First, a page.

Billed as being four years in the making and spanning several continents, "Winged Planet" is the latest in a string of dazzling nature fare from Discovery Channel and the BBC, in this case assembled as a
Winged2two-hour special premiering Oct. 6.

The primary come-on is kind of a brazen gimmick — rigging tiny cameras to birds, providing an actual aerial view as they soar across the sky or, in one stretch, toward the Statue of Liberty. As Discovery describes it, filmmaker John Downer "developed a new team of
Spycams to offer viewers a jaw-dropping view of the world from an
entirely different perspective."

It's interesting, but a bit wasted, if only because the producers can't leave viewers stuck with that herky-jerky imagery for very long, lest the bouncy footage cause them to regurgitate dinner.

Fortunately, there are a number of the expected breathtaking shots in here, including vultures tiptoe-ing toward lions in mid-feast, hoping for a taste of the spoils; birds swooping in to gobble up pieces of seal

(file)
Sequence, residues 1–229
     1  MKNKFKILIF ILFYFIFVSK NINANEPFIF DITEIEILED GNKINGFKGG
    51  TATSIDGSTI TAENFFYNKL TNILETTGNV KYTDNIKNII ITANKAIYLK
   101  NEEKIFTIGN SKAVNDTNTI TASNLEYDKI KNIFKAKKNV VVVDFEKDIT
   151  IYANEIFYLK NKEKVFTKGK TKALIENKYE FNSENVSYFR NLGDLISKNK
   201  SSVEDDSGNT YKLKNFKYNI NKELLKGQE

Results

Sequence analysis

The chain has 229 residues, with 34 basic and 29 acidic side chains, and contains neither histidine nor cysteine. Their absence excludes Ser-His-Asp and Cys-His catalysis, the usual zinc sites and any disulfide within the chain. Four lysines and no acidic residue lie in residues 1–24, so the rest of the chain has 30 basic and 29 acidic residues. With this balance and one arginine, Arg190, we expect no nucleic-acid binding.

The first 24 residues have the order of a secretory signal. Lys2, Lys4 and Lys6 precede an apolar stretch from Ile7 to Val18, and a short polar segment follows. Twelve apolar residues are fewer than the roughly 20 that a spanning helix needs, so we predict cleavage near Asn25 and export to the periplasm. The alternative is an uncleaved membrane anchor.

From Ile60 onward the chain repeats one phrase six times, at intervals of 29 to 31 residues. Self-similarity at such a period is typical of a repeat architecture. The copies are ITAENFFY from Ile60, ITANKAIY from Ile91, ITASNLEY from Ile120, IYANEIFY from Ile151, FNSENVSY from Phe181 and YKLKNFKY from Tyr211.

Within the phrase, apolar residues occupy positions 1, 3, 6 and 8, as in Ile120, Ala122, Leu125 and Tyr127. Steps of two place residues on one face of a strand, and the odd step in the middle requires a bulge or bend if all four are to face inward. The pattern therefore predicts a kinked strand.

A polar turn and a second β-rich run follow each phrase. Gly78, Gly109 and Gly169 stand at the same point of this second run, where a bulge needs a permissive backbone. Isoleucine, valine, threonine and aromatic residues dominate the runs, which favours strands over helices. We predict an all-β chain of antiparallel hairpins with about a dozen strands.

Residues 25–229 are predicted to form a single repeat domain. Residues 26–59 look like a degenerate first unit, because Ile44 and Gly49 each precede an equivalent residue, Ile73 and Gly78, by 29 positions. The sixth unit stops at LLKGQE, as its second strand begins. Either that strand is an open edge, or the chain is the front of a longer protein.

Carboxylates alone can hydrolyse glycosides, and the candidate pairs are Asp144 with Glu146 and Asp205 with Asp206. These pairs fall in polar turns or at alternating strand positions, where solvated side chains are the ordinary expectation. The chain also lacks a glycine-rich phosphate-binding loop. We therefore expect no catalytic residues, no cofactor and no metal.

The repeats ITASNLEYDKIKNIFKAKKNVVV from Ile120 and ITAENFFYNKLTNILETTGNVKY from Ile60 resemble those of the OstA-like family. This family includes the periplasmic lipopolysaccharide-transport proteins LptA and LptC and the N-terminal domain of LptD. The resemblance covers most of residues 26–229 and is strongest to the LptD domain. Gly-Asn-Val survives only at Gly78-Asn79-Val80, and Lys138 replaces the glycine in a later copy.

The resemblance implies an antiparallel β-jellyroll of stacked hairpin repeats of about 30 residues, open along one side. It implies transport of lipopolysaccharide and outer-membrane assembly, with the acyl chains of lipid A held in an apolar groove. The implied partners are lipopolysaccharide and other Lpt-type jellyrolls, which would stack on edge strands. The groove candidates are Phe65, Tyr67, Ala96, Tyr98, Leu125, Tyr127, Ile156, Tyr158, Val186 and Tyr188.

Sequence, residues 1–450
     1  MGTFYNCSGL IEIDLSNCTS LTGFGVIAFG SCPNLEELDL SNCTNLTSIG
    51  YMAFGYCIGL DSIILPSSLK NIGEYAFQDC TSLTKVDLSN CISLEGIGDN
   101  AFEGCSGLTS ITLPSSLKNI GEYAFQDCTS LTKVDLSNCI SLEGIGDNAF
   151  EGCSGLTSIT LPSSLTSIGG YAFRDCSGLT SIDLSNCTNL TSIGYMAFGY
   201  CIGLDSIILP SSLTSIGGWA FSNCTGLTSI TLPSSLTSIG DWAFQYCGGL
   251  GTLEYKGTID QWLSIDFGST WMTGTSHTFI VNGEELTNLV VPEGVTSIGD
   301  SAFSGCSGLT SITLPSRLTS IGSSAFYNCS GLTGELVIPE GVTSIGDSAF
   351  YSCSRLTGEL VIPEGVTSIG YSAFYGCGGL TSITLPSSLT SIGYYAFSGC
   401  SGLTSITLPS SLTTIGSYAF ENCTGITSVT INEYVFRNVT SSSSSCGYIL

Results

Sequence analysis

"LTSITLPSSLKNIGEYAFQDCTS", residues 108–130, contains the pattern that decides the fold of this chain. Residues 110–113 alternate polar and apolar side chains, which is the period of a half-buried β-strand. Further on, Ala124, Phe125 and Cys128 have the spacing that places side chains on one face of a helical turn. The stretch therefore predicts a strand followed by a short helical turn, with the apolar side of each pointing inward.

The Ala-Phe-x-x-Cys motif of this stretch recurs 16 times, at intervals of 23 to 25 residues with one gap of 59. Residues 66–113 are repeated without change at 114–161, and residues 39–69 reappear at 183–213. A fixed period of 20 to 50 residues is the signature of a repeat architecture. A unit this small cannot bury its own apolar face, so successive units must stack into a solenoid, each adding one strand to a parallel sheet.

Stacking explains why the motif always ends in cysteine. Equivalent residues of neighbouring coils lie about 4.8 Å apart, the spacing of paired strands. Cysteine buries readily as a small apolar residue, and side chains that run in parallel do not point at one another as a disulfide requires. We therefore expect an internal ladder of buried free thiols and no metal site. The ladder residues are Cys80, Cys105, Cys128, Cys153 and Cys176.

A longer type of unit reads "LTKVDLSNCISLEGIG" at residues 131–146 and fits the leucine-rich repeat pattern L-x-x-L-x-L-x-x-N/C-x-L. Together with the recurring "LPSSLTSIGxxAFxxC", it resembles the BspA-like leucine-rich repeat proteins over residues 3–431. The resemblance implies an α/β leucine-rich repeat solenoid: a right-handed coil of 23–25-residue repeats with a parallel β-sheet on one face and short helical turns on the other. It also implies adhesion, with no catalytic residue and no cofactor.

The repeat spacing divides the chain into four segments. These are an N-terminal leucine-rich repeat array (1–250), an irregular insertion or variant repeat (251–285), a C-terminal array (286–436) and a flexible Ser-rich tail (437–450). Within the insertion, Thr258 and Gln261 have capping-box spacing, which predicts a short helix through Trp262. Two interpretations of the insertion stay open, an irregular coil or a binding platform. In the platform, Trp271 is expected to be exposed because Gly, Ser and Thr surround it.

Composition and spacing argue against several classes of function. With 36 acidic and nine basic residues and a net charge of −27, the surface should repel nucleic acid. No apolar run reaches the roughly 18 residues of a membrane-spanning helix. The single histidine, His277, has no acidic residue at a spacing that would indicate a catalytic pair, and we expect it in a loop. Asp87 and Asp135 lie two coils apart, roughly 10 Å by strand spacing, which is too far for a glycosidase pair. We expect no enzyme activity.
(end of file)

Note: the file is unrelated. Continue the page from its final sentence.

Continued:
Wingedplanetafter Great White Sharks have had their way with them; and eagles swooping through the air majestically before zeroing in on prey.

Frankly, as specials go this isn't even the bigggest event Discovery has planned for the weekend — "Plane Crash," which I'll review later this week, airs Sunday, and could be a real draw — but in terms quality it's of a piece with "Life," "Planet Earth" and the other nature documentaries commissioned to cash in on the blessings of high-definition technology.

And unlike "Plane Crash," these birds take off and land without a hitch.

 

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